Opinion

Why one size doesn’t fit all

Martin Walker, Policy Advisor, Think Local Act Personal.

Martin Walker, Policy Advisor, Think Local Act Personal

There is much activity at the moment in the policy world focused on developing the adult social care workforce to support the shift to personalised care and support. From my work with people who draw on care and support, I wonder whether the balance of effort is completely right.

Care and support is a people business and, as we know, whilst we all need shoes, we wear different sizes. Taking a step from shoes to social care, the significance of this analogy is that whilst we have certain basic universal needs in common, each of us is different and this difference makes life all the richer. That has been the thrust of social care policy for over two decades; to personalise care and support by enabling people to have more choice and control. This goal really plays out when we start to think about equipping the workforce to support this aim.

The current workforce reforms aim to introduce a national care workforce pathway with defined roles, underpinned by a standardised approach to learning and development with the new care certificate as the basic qualification. Whilst no-one would quibble with the need for workers who undertake highly skilled work to be competent, when I’ve talked to people who draw on different kinds of care and support, this is not their starting point. They are interested in what makes folks tick: their qualities, interests, characteristics; and their values. The training and skilling can come; getting the right kind of people is what is essential. So, if we are going to improve the quality of services and create an environment conducive to personalised care and support, we may need to expand the scope of what will contribute to success.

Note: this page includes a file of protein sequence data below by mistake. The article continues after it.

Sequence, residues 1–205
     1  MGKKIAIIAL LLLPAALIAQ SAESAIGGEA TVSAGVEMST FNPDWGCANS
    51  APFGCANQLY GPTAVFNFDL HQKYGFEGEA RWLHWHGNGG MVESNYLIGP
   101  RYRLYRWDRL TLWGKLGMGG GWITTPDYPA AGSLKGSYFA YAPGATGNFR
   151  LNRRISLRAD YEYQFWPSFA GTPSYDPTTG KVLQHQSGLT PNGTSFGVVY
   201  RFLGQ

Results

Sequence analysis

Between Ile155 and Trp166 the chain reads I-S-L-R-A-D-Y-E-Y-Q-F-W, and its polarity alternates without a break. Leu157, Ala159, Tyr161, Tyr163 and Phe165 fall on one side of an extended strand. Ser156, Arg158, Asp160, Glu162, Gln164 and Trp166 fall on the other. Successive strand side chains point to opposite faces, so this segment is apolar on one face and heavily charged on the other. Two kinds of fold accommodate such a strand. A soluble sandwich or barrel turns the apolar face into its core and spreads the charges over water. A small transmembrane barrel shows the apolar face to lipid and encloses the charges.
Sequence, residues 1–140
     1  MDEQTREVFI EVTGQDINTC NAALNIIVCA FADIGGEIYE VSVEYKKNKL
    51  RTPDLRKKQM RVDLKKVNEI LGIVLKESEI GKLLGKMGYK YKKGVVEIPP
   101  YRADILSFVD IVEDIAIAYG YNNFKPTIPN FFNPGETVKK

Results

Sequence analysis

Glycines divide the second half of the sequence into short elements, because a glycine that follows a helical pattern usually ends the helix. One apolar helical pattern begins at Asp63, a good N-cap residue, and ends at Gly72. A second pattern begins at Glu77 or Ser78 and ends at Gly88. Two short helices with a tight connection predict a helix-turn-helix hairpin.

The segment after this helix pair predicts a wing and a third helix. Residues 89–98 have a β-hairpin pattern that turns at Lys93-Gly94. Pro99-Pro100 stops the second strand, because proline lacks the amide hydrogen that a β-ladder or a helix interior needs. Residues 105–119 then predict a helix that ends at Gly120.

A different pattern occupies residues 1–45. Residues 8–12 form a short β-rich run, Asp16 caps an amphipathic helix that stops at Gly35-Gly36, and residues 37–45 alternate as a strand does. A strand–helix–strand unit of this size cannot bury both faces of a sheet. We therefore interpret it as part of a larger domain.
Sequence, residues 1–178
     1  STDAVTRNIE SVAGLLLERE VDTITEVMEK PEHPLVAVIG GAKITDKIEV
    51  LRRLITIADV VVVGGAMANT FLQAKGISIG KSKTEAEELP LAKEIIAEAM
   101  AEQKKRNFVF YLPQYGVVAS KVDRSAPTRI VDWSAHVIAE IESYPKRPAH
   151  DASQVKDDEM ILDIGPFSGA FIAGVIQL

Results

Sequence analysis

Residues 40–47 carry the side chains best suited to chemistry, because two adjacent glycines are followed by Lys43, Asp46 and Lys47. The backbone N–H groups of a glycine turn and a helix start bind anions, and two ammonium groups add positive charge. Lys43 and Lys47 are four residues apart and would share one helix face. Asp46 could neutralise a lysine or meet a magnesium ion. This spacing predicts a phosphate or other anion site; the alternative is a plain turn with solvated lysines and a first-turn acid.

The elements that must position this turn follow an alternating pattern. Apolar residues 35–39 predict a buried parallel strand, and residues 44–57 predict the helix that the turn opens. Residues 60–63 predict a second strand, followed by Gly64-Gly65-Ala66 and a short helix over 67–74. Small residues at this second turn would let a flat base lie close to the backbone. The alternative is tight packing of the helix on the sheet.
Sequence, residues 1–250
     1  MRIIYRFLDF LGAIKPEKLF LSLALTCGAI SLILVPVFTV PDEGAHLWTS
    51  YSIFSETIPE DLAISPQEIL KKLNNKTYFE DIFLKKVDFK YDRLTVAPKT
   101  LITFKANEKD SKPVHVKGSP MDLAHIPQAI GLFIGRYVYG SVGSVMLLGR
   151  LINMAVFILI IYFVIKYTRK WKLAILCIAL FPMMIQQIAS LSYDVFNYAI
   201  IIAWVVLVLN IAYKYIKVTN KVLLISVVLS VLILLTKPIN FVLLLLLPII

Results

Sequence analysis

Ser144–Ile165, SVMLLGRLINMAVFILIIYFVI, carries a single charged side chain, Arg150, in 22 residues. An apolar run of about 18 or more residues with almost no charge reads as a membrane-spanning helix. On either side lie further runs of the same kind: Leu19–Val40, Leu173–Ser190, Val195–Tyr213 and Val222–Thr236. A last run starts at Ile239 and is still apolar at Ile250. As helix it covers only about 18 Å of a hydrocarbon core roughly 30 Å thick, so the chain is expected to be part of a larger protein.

Severe problems with recruitment and retention make it difficult for providers to have the time or incentive to engage in values-based recruitment. Whilst these challenges are real, there are some areas where there is the potential for positive change. It is encouraging that the Care Quality Commission’s new single assessment framework includes I statements from TLAP’s Making It Real[1]. This describes what good care and support looks and feels like from the perspective of people who draw on care and support, based on the right values and behaviours. I was also interested to look at a research informed tool to support value-based recruitment developed by the University of York[2], to add to existing resources from Skills for Care; all useful stuff for providers wanting to ‘make it real’.

These approaches are consistent with what I hear repeatedly, that the answers lie with those who draw on care and support and workers.  From the work I have been involved in at TLAP I have seen some councils begin to really listen to what people and practitioners are saying, and as a result of these rich conversations changes have been agreed which neither necessarily envisaged at the beginning. This is real co-production.

There is a compelling need to embed a co-productive approach to developing the workforce and agreeing a common set of values for personalised care and support would greatly help this.  At the service level, many providers would I suspect welcome having some time and resource to invest in co-producing approaches to developing their own workforce. This is something that should be built into local approaches to workforce planning and development, with the support of councils and Integrated Care Systems. TLAP and other organisations like SCIE and Skills for Care have lots of resources and guidance that can help organisations get better at co-production[3]. In this way we should be able to shape a workforce that truly puts people at the centre.

[1] https://www.thinklocalactpersonal.org.uk/makingitreal/

[2] https://curiousaboutcare.org.uk/

[3] https://www.thinklocalactpersonal.org.uk/Browse/Co-production/

[1] https://www.thinklocalactpersonal.org.uk/makingitreal/

[2] https://curiousaboutcare.org.uk/

[3] https://www.thinklocalactpersonal.org.uk/Browse/Co-production/

Kirsty

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